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Eye Teaming Problems

Eye Teaming Problems
(Binocular Vision Problems)

What is an eye teaming problem?

It is not enough to have 20/20 vision and be able to see the board or a book clearly. We have two eyes and in order to see properly, we have to use our two eyes together in a very precise and coordinated fashion. 

Every time we look at something, we must accurately aim the two eyes directly at the object of concern. Each eye sends an image to part of the brain involved in the process of seeing. This part of the brain called the visual cortex then tries to combine these two images to make one "fused" image. If these images are identical, the result is normal, clear, single vision and a perception of depth. If, however, the two eyes are not performing in a coordinated manner, the visual cortex will receive two different images and will experience double vision.

As you can imagine, double vision is not something a child or an adult can tolerate. It becomes very difficult to function either at school, play or work if double vision occurs.

What types of eye teaming problems can occur?

The two most common types of eye teaming problems are:

  • Convergence Insufficiency
    Convergence insufficiency is an eye teaming problem in which the eyes have a strong tendency to drift outward when the individual is reading or doing close work. If the eyes actually drift out, the person experiences double vision. To control the eye’s tendency to drift, the individual must exert excessive effort to make the eyes turn back inward.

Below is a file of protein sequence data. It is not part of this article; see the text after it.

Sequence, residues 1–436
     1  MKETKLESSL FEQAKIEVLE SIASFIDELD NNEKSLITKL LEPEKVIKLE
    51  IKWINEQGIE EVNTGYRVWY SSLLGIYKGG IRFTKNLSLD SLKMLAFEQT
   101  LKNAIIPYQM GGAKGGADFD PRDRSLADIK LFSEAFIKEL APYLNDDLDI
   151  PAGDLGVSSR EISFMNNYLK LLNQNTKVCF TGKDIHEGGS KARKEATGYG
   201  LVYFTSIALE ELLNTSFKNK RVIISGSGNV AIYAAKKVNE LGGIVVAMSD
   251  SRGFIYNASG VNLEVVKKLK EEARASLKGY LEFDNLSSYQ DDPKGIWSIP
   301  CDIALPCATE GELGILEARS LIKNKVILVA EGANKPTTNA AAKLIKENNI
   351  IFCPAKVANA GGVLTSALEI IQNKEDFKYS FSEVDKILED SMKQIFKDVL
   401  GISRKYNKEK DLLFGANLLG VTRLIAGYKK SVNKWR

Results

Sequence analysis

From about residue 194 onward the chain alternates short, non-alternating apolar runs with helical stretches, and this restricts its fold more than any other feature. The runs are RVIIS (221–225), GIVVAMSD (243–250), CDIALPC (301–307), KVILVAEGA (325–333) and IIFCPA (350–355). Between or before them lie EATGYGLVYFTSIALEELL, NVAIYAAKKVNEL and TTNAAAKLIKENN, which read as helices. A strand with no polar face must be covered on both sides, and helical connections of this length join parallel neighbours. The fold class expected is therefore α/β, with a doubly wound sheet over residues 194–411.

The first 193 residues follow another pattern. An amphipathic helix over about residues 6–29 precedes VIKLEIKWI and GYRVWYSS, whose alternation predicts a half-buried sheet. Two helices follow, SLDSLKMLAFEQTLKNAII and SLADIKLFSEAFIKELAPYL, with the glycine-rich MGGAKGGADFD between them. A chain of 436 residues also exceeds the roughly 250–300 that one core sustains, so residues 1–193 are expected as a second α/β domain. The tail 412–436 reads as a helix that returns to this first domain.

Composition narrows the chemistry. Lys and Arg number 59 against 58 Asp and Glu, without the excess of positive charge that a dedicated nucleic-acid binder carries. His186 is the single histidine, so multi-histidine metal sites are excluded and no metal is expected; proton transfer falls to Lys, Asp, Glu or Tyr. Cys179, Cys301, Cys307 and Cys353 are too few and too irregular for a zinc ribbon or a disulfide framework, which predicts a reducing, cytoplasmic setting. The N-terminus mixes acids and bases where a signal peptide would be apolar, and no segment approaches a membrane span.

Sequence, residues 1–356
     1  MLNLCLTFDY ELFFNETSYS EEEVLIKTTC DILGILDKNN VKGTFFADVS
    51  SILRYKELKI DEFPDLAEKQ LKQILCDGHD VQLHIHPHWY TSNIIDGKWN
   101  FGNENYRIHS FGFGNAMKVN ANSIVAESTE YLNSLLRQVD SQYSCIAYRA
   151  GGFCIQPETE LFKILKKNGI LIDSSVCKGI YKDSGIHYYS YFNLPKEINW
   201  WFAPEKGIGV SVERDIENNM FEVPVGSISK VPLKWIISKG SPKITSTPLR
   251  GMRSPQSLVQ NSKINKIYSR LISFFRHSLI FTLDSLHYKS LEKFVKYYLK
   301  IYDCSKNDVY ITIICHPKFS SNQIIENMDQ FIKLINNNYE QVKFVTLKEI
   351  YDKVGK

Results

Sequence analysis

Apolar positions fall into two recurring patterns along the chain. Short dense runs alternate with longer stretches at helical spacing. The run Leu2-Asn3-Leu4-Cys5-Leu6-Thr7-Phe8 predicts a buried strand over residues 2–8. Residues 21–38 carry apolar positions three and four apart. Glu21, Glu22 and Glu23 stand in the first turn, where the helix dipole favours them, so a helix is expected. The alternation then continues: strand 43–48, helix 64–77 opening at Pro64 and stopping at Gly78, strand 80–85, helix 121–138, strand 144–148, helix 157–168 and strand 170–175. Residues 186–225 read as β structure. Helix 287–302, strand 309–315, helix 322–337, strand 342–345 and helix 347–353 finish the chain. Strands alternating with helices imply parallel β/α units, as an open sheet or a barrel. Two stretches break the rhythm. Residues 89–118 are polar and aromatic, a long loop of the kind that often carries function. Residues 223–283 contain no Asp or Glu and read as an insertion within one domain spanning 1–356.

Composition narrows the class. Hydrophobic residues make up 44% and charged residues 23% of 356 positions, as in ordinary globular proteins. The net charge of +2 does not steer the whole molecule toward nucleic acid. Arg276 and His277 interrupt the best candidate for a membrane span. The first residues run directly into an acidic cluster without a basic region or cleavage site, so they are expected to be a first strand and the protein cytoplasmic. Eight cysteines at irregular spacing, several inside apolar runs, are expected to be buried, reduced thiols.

• Convergence Excess
    Convergence excess is an eye teaming problem in which the eyes have a strong tendency to drift inward when the individual is reading or doing close work. If the eyes actually drift in, the person experiences double vision. To control the eye’s tendency to drift, the individual must exert excessive effort to make the eyes turn back out.

How common are eye teaming problems?

Approximately five to ten percent of children and young adults have eye teaming problems significant enough to cause some of the complaints listed below.

What are problems and symptoms associated with eye teaming issues?

People with eye teaming problems may complain of the following:

  • Eyestrain and headaches after reading for a short period of time
  • Inability to concentrate when reading
  • Short attention span
  • Frequent loss of place when reading
  • Rubbing or closing an eye
  • Words moving on the page
  • Good decoding skills, but poor comprehension

Eye teaming problems resulting in these symptoms actually have more of an impact on learning or performance at work or school than vision problems causing a lack of clarity. Unfortunately, most school vision screenings are only designed to detect vision problems which cause a lack of clarity. Very few school screenings even test for eye teaming disorders.

How are eye teaming problems treated?

There are currently two methods used to treat eye teaming problems.  Sometimes eyeglasses alone can be prescribed to provide relief from the complaints associated with eye teaming problems. These glasses are usually prescribed for just reading and must be removed for seeing the board. With very young children, who would have trouble removing and putting on the glasses multiple times throughout each day, bifocals can be prescribed. A bifocal allows the child to wear glasses at all times while in school. 

Often eyeglasses alone are not sufficient to completely solve eye teaming problems. Although the glasses may provide some relief, the eye teaming problem’s symptoms persist and another form of treatment must be used.  This is referred to as VISION THERAPY. 

Vision therapy is a treatment approach involving weekly office visits. During these visits, carefully selected and sequenced activities are practiced by the patient. This treatment restores normal coordination, flexibility and function to the eye teaming system and leads to improvement of symptoms.

The success of vision therapy has been well documented in scientific literature.

Any other questions can be directed to Karen Pollack:
215.276.6053
Monday through Thursday

07.29.2010

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